So called from the place where the original was found in France. This figure strongly resembles, and was probably imitated after, the famous Farnese Hercules, which was the work of Glycon, of Athens. Concerning the latter statue we have this interesting account in Viardot's "Marvels of Sculpture:" "At first only the torso was discovered, and Paul III ordered Michael Angelo to supply the missing legs. But the Florentine had scarcely finished his clay model, when he broke it to pieces with his hammer, declaring he would not add a finger to such a statue. It was a less celebrated, and less scrupulous artist, Giacomo Della Porta, who restored the work of Glycon. A little later, the legs were found in a well, three miles from the thermal baths of Caracalla, where the torso was found, and the Borghesi presented them to the King of Naples, who was thus enabled to complete the antique statue almost entirely, the left hand alone being still wanting." It is a striking representation of power in repose--of calm, self-sufficient strength. [Pp. 7-8; exhibited under heading: "Catalogue of Casts."]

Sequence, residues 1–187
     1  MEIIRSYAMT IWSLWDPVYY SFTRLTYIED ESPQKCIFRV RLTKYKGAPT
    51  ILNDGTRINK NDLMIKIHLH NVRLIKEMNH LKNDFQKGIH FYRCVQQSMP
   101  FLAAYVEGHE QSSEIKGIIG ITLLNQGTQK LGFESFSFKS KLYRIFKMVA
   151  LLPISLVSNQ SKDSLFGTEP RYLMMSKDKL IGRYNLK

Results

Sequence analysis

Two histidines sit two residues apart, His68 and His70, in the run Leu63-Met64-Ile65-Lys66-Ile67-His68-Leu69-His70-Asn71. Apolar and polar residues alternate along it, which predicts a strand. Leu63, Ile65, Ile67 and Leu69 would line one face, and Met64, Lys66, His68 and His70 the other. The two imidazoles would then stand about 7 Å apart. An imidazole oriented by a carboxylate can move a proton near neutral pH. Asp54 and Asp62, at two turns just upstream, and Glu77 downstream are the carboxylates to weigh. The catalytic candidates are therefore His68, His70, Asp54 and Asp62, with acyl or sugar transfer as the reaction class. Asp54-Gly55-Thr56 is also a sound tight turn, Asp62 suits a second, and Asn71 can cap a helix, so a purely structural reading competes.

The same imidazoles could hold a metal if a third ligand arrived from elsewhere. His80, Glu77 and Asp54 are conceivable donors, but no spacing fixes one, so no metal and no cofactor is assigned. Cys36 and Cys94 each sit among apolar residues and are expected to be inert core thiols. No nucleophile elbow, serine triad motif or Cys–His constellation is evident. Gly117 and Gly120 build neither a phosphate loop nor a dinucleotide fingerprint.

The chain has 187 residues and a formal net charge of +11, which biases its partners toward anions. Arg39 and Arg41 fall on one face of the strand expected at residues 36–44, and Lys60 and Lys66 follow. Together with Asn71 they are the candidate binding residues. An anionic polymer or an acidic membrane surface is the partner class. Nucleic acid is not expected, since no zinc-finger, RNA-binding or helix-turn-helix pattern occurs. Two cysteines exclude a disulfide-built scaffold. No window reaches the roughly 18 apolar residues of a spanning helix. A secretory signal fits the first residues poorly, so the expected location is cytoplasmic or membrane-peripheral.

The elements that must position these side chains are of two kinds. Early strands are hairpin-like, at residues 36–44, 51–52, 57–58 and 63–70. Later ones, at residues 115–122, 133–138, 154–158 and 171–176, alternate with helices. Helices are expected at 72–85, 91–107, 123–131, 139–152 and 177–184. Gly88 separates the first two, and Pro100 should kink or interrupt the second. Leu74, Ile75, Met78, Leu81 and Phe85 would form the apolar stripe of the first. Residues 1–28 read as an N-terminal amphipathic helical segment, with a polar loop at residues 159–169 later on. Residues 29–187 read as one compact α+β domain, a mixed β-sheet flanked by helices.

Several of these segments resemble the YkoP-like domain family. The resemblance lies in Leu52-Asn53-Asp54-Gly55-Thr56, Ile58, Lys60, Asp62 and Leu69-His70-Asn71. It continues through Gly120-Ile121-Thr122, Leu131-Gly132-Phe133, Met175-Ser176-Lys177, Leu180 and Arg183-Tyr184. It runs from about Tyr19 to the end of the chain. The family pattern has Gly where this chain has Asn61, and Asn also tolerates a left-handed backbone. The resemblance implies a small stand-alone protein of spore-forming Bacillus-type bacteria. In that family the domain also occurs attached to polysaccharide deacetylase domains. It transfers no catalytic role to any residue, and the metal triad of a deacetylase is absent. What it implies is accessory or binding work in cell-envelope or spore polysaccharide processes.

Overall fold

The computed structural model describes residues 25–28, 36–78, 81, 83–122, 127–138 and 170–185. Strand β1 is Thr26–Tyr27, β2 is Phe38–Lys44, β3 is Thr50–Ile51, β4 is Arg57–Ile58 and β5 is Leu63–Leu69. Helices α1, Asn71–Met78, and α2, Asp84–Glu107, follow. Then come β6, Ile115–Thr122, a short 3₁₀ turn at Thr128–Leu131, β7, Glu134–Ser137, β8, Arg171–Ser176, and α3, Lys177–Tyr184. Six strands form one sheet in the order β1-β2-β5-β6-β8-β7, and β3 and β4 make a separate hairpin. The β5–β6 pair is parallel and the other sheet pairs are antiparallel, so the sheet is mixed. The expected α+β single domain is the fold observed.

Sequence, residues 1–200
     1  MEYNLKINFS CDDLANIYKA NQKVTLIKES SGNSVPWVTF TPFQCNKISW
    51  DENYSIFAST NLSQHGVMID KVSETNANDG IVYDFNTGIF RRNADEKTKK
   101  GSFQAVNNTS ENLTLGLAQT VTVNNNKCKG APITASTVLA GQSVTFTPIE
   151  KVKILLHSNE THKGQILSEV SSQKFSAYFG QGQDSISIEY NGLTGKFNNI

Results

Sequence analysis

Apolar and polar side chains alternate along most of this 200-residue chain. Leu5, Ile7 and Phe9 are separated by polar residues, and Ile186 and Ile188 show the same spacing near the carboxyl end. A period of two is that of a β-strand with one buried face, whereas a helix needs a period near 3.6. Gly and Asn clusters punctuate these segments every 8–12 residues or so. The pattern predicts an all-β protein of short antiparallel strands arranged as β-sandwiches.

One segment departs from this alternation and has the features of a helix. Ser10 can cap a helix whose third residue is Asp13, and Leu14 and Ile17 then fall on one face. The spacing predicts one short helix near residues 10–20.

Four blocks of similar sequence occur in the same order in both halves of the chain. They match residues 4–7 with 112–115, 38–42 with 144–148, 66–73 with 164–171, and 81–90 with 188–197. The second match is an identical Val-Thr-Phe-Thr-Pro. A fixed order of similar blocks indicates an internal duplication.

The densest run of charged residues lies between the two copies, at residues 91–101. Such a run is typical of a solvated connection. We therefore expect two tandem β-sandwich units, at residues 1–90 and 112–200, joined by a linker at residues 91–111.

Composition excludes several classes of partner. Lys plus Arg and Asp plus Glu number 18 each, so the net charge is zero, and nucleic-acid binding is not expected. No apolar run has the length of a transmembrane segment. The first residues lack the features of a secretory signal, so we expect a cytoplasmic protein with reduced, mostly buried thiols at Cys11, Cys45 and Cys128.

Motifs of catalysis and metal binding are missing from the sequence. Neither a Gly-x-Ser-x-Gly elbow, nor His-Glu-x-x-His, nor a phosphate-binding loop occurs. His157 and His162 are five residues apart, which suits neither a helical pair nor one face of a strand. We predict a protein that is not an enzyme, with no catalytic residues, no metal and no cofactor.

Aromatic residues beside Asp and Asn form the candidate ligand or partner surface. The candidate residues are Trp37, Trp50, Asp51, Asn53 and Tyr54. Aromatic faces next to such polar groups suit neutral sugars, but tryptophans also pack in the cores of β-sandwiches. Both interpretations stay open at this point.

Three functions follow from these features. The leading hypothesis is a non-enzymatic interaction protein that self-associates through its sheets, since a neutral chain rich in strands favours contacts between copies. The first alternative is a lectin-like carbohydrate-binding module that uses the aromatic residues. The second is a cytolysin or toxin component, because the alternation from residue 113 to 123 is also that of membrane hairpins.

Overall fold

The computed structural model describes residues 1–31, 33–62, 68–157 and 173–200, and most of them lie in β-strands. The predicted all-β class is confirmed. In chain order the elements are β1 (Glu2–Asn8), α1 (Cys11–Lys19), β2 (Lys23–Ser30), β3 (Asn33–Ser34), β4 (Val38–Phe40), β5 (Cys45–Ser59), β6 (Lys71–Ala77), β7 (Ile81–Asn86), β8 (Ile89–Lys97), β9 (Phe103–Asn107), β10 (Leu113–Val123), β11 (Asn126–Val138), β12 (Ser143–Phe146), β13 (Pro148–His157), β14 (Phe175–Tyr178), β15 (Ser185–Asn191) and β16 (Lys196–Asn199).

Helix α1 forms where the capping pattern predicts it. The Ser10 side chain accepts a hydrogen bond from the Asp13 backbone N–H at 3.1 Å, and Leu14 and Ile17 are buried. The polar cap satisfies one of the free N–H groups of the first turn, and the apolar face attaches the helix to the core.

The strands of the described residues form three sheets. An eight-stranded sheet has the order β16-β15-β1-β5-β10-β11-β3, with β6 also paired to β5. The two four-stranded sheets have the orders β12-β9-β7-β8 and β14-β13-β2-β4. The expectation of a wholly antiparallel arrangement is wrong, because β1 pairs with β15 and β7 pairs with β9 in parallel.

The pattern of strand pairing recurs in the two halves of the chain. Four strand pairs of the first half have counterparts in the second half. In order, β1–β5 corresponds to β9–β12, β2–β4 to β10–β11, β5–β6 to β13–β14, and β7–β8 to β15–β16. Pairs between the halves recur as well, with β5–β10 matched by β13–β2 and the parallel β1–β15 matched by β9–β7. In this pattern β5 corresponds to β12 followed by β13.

Fifth Exhibition, 1873-1874. San Francisco Art Association Catalogue. Price, 25 cts.